Wednesday, December 29, 2010

Evaluating Professional Performance

My current foray into the world of evaluating the professional performance of others is as a member of the ICF Credential Assessor Team. I’ve been involved heavily for the past 8 years. And, I hope I have not only learned a lot but have become a better assessor and better coach.

I’ll speak to 4 observations … commitment, skill, imperfection, and value.

(1) Commitment. There’s a lot involved with evaluating a person’s professional future. For one thing, it’s taking what this is all about with a deep serious commitment to doing the best possible job for all concerned. One does not take that lightly for a moment. And, I would say it’s the first and most important place to stand when taking on this commitment.

(2) Skill. For many years I was involved in training, developing and evaluating people who chose to become officials for a sport (competitive swimming in this case). This long time experience probably helped me move into the professional coaching arena more than I realized at the time. It remains a grateful background to my assessor work.

Another helpful origin is that I did not train with any of the founding group of coach training programs … I had no bias on how coaching should sound or be. Really, that’s true and remains to this day. The only backside of that is I do not want to hear a training program showing through above and beyond the coach … i.e. method coaching (sort of like method acting gone astray). To become an assessor is to shed one’s “learned” way of how coaching should be.

(3) Imperfection. There are some aspects that don’t work optimally about the ICF credentialing program but it’s rather remarkable how much does work well. In a new profession, grabbing the reins as the ICF did in 1998 and creating a credentialing program complete with core competencies that seemed to emerge from inspiration must be acknowledged as amazing.

But then again, to anyone who has not succeeded in obtaining their desired credential, there may be a heavy dose of criticism … well, except for the few who pursue with passion, learn, and ultimately do succeed. I know a few and admire the heck out of these exceptional coaches.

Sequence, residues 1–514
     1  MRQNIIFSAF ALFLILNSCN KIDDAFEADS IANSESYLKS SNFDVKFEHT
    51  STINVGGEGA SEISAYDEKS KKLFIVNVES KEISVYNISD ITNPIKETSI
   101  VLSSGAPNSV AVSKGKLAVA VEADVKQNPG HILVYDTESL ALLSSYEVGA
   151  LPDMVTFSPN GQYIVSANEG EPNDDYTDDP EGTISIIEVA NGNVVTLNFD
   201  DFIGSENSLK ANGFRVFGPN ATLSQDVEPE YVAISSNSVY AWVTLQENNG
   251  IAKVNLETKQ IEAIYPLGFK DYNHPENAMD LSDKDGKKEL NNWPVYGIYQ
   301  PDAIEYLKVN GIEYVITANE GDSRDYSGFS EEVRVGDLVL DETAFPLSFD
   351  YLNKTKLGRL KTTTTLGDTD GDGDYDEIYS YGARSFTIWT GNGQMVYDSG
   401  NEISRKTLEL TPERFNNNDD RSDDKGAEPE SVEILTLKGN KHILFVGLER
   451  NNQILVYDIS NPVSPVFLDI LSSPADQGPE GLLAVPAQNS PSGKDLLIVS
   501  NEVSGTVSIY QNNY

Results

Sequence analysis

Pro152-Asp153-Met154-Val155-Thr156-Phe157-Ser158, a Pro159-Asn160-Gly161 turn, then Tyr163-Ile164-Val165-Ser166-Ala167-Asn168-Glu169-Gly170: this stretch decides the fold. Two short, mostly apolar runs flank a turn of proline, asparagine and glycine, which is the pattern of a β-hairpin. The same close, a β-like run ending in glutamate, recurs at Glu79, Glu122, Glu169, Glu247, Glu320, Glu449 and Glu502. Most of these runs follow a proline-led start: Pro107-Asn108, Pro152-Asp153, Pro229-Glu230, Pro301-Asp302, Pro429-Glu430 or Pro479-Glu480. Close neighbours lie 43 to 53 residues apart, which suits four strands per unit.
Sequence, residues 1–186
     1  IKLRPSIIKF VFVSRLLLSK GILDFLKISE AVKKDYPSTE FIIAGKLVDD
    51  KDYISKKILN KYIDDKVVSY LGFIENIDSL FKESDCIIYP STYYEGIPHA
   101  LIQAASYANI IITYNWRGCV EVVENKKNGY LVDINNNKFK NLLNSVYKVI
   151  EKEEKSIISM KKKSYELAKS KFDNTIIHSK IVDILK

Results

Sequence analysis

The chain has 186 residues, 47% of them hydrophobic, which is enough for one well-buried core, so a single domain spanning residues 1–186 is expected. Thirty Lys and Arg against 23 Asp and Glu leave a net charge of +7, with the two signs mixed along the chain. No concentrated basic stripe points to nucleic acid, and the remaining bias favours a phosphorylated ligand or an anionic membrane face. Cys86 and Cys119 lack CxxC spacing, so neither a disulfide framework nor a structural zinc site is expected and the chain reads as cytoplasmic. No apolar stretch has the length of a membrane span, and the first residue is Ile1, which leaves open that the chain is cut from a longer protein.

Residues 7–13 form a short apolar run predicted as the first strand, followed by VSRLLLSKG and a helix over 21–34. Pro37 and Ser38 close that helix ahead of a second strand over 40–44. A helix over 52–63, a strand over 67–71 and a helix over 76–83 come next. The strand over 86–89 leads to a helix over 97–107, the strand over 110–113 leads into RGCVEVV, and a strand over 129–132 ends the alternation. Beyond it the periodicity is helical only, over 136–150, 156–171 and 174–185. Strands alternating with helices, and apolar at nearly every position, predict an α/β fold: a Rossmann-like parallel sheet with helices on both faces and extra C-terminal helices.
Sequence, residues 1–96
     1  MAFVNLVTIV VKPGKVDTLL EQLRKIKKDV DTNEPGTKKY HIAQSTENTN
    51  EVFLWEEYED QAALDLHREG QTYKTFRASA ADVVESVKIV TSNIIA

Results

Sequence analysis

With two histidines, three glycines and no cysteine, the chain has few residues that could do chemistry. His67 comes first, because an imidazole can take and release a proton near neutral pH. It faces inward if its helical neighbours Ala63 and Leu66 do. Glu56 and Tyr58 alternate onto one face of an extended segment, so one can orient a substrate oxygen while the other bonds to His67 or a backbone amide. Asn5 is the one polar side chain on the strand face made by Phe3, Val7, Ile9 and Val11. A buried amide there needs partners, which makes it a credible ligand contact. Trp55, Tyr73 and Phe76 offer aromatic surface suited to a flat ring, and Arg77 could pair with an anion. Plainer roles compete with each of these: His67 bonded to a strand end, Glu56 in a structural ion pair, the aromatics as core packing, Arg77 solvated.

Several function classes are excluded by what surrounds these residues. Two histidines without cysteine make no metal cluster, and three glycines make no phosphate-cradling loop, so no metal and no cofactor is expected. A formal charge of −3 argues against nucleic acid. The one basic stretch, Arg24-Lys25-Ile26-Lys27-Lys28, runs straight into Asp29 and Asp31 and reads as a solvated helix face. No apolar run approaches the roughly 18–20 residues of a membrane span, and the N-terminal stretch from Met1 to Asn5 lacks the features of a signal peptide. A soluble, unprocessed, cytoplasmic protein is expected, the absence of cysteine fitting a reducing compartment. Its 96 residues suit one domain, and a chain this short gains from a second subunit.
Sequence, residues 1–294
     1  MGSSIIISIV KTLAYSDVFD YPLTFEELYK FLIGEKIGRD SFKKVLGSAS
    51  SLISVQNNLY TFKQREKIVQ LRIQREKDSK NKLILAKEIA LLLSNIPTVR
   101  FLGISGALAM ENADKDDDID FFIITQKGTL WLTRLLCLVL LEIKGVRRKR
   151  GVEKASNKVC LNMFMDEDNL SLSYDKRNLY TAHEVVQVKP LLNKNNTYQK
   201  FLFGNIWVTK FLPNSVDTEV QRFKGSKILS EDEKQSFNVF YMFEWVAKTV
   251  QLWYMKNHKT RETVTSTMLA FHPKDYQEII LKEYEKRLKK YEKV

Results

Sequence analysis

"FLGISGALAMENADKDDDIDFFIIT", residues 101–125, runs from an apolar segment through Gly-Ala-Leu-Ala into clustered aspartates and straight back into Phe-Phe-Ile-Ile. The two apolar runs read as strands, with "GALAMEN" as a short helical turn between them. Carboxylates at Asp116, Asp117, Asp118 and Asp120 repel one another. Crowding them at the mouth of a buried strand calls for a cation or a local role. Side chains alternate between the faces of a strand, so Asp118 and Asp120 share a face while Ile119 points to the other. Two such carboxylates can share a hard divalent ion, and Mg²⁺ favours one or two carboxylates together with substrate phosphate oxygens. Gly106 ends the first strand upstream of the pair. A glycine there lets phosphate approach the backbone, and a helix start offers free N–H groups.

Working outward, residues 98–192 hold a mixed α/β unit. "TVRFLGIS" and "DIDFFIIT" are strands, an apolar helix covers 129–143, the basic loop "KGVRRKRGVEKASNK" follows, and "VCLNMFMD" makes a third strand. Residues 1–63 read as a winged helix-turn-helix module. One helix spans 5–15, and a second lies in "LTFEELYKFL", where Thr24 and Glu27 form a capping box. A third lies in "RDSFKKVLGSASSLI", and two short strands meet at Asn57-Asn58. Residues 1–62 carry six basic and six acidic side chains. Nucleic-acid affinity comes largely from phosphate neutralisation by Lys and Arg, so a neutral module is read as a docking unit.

(4) Value. For anyone wanting to learn more about coaching than one could ever learn in any other way, becoming an ICF assessor is marvelous. I can say honestly, that my coaching could never have moved forward as it has without this part of my everyday training and development. The hours I spend as an assessor continue to be eminently worthwhile.

Wednesday, December 1, 2010


I’m a zealot about managing distractions when coaching. I normally think of cell phones, email, doorbells, children, dogs, cat walking across my desk, small child practicing mousemanship … the regular list.

That’s changed.

For the past few weeks I've been plagued by back problems … which is quite a distraction. I can work, take care of clients, get my house ready for sale … those kinds of important items, but I have not been blogging. Therefore, distractions have expanded into my blogging world. Just because I hurt doesn’t automatically translate to “can’t do my blogs” but apparently it has.

Blogging requires having something to say about something. I’m not pleased with myself for using pain and inconvenience as an excuse but it seems I have.

Distractions are a big deal in the world of professional coaching. That’s why there’s a very important competency called Coaching Presence. I’ve learned to manage this competency when coaching so now it’s time to expand its reach. Where this ‘reach’ goes I do not know but in case I wasn’t finding something new to learn, here it is!

While I’m on a roll, let me say something about Coaching Presence. Over the past couple of months I’ve had the pleasure and frustration of evaluating 4 coaching exams. The key to success, as I long ago discovered, is to be fully present, completely flexible and totally in service of one’s client. There is no other way to pass the ICF exams at a high level.

Distractions for coaches taking their exams are often subtle … so subtle the coach is unaware of them. These kinds of distractions include “trying really hard,” “preparing so much the prep itself destroys presence,” “having exam anxiety (performance anxiety),” “being awed by the assessor team (trust me it happens),” “failure to practice a 30-minute session,” “letting any other distraction get in the way,” “being late to the call,” … got the point? This list of what could be construed as beneficial (e.g. trying really hard) actually is subtle sabotage to peak performance in an exam setting. Any of these distractions will get in the way of being fully present in the conversation. A low score in Coaching Presence is not supportive of doing well in the exam, most definitely at the MCC level.

You might wonder if anyone passes their exam … the answer is yes! My past blogs talk a lot about what it takes to pass. This blog reminds us all that we must overcome distractions and not let them destroy our capacity to be fully present and natural.